Over the weekend, about 15 veterans and civilians traveled from as far away as Eugene and Seattle to slog through the muck for several hours at Otter Point in the Lewis and Clark National Historical Park, planting spruce and shrubs to improve salmon habitat.
The volunteers were deployed for the day by Seattle’s 1st Service Platoon from nonprofit The Mission Continues, which connects veterans, friends and family with community service projects around the country.
Leading the group was Doug Pfeffer, a veteran with four years in the U.S. Navy and 20 in the U.S. Army as a forward observer. In his civilian life, Pfeffer is the Seattle city impact manager for the nonprofit, which connects returning post-911 veterans with community service projects.
“We want to take veterans who have transitioned from the military, and we want to focus that leadership and that can-do attitude and that take-no-prisoners attitude, and refocus it from a military perspective to a community perspective,” Pfeffer said. “We find that a lot of the skills that veterans bring to the table from their service in the military translates very well to the community impact projects.”
The Mission Continues found a partner in the National Parks Conservation Association, a nonprofit focused on improving national parks.
“What better place than a national park,” said Rob Smith, the group’s regional director in Seattle. “Everybody agrees that this is the common ground that we all share.”
The partners found a project site at Otter Point, where 33 acres of parkland were reconnected to tidal influence from the adjacent Lewis and Clark River in 2012.
Contractors dug trenches through 70-year-old dredge spoil deposits to recreate off-channel salmon habitat. They built a new dike around the inland side of the project, and breached an existing dike fronting the Lewis and Clark.
Alicia Todd, a specialist with the U.S. National Guard’s 181st Brigade Support Battalion in Seattle, has been volunteering with The Mission Continues for a year and a half.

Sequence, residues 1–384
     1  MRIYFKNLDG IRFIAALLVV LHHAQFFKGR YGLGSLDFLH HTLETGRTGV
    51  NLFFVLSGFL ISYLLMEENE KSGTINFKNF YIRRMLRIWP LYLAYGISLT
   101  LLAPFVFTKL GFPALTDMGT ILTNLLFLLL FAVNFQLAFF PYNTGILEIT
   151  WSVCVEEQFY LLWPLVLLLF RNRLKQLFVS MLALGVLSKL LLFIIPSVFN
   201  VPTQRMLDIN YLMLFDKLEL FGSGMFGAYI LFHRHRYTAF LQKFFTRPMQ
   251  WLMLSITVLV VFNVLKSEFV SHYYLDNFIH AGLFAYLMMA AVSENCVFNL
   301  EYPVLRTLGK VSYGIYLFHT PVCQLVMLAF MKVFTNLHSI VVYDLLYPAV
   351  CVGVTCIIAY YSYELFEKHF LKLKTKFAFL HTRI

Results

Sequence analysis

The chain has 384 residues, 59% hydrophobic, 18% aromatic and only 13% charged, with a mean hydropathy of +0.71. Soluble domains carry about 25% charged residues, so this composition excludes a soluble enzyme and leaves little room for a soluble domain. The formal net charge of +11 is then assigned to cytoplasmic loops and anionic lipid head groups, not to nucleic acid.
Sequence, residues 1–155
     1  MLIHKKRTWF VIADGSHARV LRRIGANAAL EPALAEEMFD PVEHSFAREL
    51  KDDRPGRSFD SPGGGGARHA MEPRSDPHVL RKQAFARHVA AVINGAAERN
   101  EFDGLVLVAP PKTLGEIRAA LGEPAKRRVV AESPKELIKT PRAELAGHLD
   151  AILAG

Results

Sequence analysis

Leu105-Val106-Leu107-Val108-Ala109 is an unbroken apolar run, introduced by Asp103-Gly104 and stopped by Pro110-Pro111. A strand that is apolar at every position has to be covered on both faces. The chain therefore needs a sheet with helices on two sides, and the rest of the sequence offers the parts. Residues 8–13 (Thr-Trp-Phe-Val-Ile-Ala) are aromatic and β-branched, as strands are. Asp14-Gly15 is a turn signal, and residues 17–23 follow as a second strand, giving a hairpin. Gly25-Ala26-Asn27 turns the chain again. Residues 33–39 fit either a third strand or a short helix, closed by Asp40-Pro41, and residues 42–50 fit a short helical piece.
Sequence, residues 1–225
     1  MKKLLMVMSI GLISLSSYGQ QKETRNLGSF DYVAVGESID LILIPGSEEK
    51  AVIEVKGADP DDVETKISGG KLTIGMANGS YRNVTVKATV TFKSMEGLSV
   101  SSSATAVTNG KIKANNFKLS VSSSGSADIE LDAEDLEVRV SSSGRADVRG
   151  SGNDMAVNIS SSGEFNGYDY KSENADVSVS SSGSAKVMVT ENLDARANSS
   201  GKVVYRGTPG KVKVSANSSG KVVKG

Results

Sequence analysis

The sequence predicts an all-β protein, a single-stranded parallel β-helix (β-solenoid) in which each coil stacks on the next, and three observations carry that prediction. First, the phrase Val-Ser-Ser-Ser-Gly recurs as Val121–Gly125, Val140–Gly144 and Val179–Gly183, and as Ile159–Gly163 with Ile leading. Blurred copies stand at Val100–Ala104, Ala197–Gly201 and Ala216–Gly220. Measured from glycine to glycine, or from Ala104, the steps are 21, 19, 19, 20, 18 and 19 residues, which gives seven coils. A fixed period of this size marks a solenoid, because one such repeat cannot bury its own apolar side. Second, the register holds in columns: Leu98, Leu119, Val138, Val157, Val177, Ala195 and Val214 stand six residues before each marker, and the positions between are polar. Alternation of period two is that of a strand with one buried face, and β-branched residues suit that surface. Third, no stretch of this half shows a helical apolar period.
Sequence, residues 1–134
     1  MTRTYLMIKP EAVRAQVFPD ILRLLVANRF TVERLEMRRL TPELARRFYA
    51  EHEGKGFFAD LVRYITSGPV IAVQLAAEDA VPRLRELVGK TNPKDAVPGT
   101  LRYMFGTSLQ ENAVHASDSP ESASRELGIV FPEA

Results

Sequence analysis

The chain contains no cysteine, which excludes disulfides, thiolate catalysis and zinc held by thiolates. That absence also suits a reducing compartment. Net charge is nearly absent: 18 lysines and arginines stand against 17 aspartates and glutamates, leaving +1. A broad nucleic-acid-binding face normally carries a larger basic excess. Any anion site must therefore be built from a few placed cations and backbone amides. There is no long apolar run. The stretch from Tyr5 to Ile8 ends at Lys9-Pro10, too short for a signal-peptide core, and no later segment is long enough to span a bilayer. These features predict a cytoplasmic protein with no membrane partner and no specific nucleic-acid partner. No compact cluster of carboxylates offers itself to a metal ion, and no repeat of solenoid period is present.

“I regain my faith in humanity when I’m out here on projects,” she said, shovel in hand after planting several Sitka spruce. Todd also volunteers with Team Rubicon, another veterans service organization that dispatches disaster responders.
Last year, the National Park Service reported nearly $12 billion in deferred maintenance.
Matt Shaefer, the chief of facility maintenance at Lewis and Clark, said the park relies mostly on contractors for its major projects. The Otter Point project was overseen for the park by Columbia River Estuary Study Taskforce, and paid for by the Bonneville Power Administration.
Handling general maintenance are a mixture of park staff and part-time seasonal workers from the pathways program, which provides federal internships for students on break. Last year, 410 volunteers contributed more than 9,200 hours of service at the park. The park values each donated hour at $23.56.
“That’s really huge for us,” Shaefer said.
There isn’t as much fanfare for returning post-911 veterans as there was after World War II, Pfeffer said. “Programs like this really enable citizens that don’t have a lot of contact with the military to all of a sudden get out there and do something with our veterans.”
The group next heads to Ebey’s Landing National Historic Reserve on Whidbey Island. Pfeffer said anyone — civilian or veteran — interested in volunteering with The Mission Continues can contact him at firstname.lastname@example.org